Employee Retention 601- Trustworthy Leaders & Managers

Shawnee Love   •  
April 27, 2010

Tiger Woods is my muse today. Okay, it is a bit shameless to use him given he is such an easy target, but that is also what makes him such a great example. He is infamous for not walking his talk or at least not walking his brand. The same thing happens in companies all the time (although usually with less spectacular and public results).

I have always thought that organizations should include a turnover metric as one of the criteria on performance reviews for managers. Turnover is easy to calculate for any given time period:

Number of employees who left voluntarily
Average number of employees

For example, if you have a team of 5 employees and last year you had to replace 8 people who handed in their resignations and moved to other jobs, then your turnover metric would be 8/5 or 160%.

If everyone in the company has similarly shocking turnover metrics, then you can assume it is either a HOT job market or your company has some serious problems. But if that high turnover rating is unique to your department, then your company should be holding your feet to the fire on solving that turnover problem.

The reason I like the turnover metric as a performance measurement is because as a manager, your team is your responsibility and you have to own the reasons employees leave even if the root cause is someone or something else. I can tell you without a doubt that consistently high turnover in a department is usually about the leader of that department and what they are doing or not doing. People join companies and leave managers.

So what does all this have to do with Tiger Woods? Just like employees who resign from companies where their leaders do “things” they can’t support, some of Tiger’s followers and endorsements have terminated their relationships with Tiger because of his actions and because his actions are so far gone from the image he tried to cultivate. People hate hypocrites. As a manager, you must walk your talk, because that is how you demonstrate you are trustworthy!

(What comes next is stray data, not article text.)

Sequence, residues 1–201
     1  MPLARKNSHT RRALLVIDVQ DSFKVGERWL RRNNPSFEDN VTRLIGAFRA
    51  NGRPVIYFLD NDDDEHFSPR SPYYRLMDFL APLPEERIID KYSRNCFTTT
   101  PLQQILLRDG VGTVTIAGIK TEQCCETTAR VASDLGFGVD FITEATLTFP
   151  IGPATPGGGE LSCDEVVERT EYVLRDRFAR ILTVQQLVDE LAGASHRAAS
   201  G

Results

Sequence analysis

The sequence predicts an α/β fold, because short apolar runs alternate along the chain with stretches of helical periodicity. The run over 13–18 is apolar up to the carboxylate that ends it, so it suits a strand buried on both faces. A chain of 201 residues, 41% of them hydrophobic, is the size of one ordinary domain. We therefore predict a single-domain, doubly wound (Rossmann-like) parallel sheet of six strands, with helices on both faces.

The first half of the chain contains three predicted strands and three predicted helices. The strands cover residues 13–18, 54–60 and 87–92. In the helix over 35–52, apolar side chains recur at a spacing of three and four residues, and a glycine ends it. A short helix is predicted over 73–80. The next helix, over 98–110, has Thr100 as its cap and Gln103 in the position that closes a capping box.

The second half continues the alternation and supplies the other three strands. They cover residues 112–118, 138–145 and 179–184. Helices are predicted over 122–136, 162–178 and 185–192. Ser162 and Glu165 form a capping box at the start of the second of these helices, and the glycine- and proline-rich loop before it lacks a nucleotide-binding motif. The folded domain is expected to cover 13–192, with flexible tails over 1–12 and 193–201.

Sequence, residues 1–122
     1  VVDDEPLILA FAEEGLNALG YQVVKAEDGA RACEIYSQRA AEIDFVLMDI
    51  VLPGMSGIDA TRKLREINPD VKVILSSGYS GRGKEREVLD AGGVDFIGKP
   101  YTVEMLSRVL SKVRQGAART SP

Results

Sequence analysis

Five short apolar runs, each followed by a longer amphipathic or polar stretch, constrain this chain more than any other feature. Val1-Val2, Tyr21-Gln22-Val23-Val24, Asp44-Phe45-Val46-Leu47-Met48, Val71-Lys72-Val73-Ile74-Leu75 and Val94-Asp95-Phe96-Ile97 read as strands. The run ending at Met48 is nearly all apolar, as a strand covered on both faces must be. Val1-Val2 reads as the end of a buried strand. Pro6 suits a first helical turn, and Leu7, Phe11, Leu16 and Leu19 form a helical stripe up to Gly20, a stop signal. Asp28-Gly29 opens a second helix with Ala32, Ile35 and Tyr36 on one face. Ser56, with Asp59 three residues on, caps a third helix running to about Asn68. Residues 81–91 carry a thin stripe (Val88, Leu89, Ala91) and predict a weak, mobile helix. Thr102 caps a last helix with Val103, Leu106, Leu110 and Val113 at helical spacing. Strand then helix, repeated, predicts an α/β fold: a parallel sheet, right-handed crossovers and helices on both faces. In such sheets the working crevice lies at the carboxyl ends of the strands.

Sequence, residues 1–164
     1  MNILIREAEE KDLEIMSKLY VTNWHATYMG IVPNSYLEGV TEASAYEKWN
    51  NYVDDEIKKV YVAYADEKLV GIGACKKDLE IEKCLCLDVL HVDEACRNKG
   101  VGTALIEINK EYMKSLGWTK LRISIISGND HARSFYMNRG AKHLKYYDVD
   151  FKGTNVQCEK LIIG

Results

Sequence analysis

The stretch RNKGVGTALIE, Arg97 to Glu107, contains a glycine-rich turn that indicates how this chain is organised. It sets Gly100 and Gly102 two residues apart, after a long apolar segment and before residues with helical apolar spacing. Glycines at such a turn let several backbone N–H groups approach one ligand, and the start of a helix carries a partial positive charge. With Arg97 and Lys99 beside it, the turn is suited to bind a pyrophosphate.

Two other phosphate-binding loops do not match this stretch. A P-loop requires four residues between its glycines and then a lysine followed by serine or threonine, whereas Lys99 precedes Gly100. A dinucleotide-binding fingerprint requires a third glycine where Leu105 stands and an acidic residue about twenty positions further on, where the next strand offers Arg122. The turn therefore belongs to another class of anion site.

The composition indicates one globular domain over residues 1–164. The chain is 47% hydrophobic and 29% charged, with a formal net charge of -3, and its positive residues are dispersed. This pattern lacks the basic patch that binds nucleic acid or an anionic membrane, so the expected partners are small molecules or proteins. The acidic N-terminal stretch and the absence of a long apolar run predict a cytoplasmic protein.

But what happens if you are a Trustworthy Leader or Manager and still your inbox is being replenished with resignations? Well, aside from figuring out why people are leaving and seeking out creative ways to fix the issues, one of the most important things you can do is build a relationship with your employees. I don’t mean become their buddy either, because I think that type of relationship is a mistake between managers and employees. What I mean is you should take the time to learn more about your employees and let them learn more about you, because even if you know you are trustworthy, your employees may not. The power imbalance between employees and managers can make you seem unapproachable, intimidating, and potentially risky to talk to.

I once worked for an organization where an extremely smart, talented CEO was hired to follow in a well-liked exiting CEO’s footsteps. The new guy made changes (as almost all new executives seem to do) and since change is hard for people, and he was new and not the best communicator, the atmosphere quickly went to H-E-Double Hockey Sticks.

Triage was needed to stop the bleeding. There were many techniques we implemented to stop the exodus, but one of the most effective was to start a monthly breakfast meeting that the CEO attended. Employees had to sign up to participate and the room could only hold 25, but those in attendance got free coffee and pastries and the chance to ask questions and talk with the CEO without fear of reprisal.

We gave employees a chance to hear what is going on from the horse’s mouth instead of the horse’s @SS (i.e., rumour mill and gossip). These breakfasts started off slowly and the CEO had a few “tough cookies” in the first sessions, but when those critics and skeptics left and talked with their friends about what the CEO had said, the popularity of the breakfasts grew to the point that we had to refuse employees who had attended in the last six months. Two added benefits of these meetings were that the CEO kept his finger on the pulse of the organization and the people were no longer afraid to ask questions because they knew they’d get the best answer the CEO could give.

Note to Tiger. It could work for you too. All you have to do is buy a lot of coffee and muffins while taking responsibility and answering questions honestly. Hope to see you holding breakfast meetings in a city nearby soon.